9 Things You Should Know to Survive in a Critical Situation
Anything can happen in life, including situations that threaten it. To prepare you for even the most unforeseen events, Bright Side will tell you 9 rules of survival that will help you cope with difficulties and may even save your life.
9. Make a fire from a phone battery.
If you get lost far away from civilization, your gadget will be useless unless you start a fire from its battery.
Many smartphones and tablets have lithium (Li-ion) batteries. If you pierce such a battery with something sharp, it'll cause a chemical reaction that results in fire. All you need is to prepare firewood in advance.
8. Escape a rip current.
When swimming in the sea, we can face a dangerous phenomenon called "rip current" or simply "rip." It can appear in any place. When we get caught with it, our instinct tells us to swim to the shore as quickly as possible. But, as a result, we only move away from it.
If you get caught in a rip tide, don't swim straight to the shore: move diagonally or parallel to it to get out of the current. Rips aren't wide, so you can swim across them to save your life.
7. Run away from a crocodile.
When moving in a straight line, a crocodile can run faster than a human. Yet, due to their short legs and elongated body, they're clumsy on corners. This is why they won't pursue a prey they are constantly losing sight of.
If a crocodile chases after you, run in zigzags to escape. And, in general, it's better to stay as far away as possible from bodies of water where you can meet crocodiles and alligators.
6. If you are stung by a jellyfish.
A jellyfish sting can cause neurogenic shock, an allergic reaction, and a strong intoxication of the body. Here's what you need to do to avoid or relieve the unpleasant consequences of such a meeting:
- Immediately clean the wound, and get rid of the remains of the tentacles. To avoid a new sting, don't touch tentacles with your bare hands.
- Wash the sting area with salt water. Never ever use fresh water for this: it activates the stinging cells.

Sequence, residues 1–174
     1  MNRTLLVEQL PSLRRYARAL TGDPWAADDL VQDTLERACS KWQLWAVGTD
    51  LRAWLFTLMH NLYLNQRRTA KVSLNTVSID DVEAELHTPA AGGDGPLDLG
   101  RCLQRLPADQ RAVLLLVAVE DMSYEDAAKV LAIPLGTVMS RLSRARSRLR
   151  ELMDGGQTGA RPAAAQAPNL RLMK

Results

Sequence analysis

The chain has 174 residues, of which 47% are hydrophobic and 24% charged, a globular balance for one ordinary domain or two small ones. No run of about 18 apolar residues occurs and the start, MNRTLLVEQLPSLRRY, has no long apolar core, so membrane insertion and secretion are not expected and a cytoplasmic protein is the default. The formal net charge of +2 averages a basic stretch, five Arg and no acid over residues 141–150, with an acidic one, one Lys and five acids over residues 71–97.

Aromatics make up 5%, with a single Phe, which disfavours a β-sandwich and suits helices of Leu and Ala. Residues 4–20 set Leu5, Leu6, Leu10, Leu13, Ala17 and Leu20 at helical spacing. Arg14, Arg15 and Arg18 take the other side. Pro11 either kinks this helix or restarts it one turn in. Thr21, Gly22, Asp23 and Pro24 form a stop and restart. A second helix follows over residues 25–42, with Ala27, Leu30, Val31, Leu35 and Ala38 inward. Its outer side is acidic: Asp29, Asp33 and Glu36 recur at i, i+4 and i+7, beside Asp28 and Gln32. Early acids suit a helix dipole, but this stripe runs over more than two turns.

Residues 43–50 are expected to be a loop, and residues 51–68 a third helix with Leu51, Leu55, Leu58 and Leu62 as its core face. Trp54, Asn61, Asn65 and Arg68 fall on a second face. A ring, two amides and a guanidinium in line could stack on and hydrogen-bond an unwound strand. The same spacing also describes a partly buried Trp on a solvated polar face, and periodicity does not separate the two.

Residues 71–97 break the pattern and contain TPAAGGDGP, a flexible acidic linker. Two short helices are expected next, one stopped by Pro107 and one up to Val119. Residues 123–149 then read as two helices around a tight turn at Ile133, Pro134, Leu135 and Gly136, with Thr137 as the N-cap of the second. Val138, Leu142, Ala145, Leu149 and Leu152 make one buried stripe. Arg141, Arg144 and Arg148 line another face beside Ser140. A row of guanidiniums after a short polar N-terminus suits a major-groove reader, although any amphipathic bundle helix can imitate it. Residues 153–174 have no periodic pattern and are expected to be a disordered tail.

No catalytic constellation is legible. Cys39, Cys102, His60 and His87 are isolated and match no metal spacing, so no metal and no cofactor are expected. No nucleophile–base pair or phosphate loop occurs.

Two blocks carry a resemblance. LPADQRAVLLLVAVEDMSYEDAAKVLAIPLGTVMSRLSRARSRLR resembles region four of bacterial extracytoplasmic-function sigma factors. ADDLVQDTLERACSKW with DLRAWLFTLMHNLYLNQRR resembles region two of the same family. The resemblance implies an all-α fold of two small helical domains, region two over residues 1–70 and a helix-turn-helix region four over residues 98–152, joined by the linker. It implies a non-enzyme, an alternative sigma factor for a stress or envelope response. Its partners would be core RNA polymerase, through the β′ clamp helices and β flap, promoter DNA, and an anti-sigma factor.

- To remove toxins, make a compress of apple cider vinegar or alcohol.
- Drink plenty of water, and visit a doctor. Water will help you recover faster, and the doctor will prescribe the necessary medicines.
5. Remember the "rules of 3."
The rules of 3 are rules that show the average survival of a person under certain conditions.
- 3 minutes without air, on average, until a person loses consciousness;
- 3 days without water, after which comes life-threatening dehydration;
- 3 weeks without food without serious damage to health. In a critical situation, the body is rebuilt and sometimes can do without food for a month.
When things aren't going well, it's worth remembering the "rules of 3" and setting priorities.
4. Glue a wound.
Let's say you do repairs at your house: one careless move, and you cut your hand, and there are no bandages left. In this situation, you can use super glue. It not only pulls the ends of the wound together but also disinfects it. However, it's still better to visit a doctor.
3. Don't eat snow when you're thirsty.
Some people think it's a good idea to eat snow to quench thirst. Yet it's better not to do this in a critical situation, and not because you can get a sore throat. The fact is cold snow will cool your body, and it will spend additional energy to keep warm.
You will waste additional energy and freeze more quickly. Rescuers recommend waiting until the snow melts before drinking it.
2. Extinguish a burning pan.
In a matter of seconds, a frying pan left unattended on the stove can catch fire. This happens if the oil gets too hot. In such a situation, never ever pour water on burning oil. It will make the fire bigger and stronger, and the oil will splash in all directions.
If the flame is small, you can pour baking soda in the pan: it absorbs oxygen. Yet the most effective way to avoid a fire is to cover the frying pan with a dense cotton cloth. An ordinary blanket or a stack of T-shirts from the closet will do.
1. If a cut is deep.
Many people believe that when you get cut it's necessary to urgently remove the shard and clear the wound. It's true. Yet if the wound is deep, you should never remove the object or shard.
It's just like that children's trick with water and a plastic bag. Having damaged large vessels, the shard blocks them. But as soon as you remove the object, the wound will start bleeding. Therefore, sometimes it's better not to touch the place of injury at all until the ambulance arrives.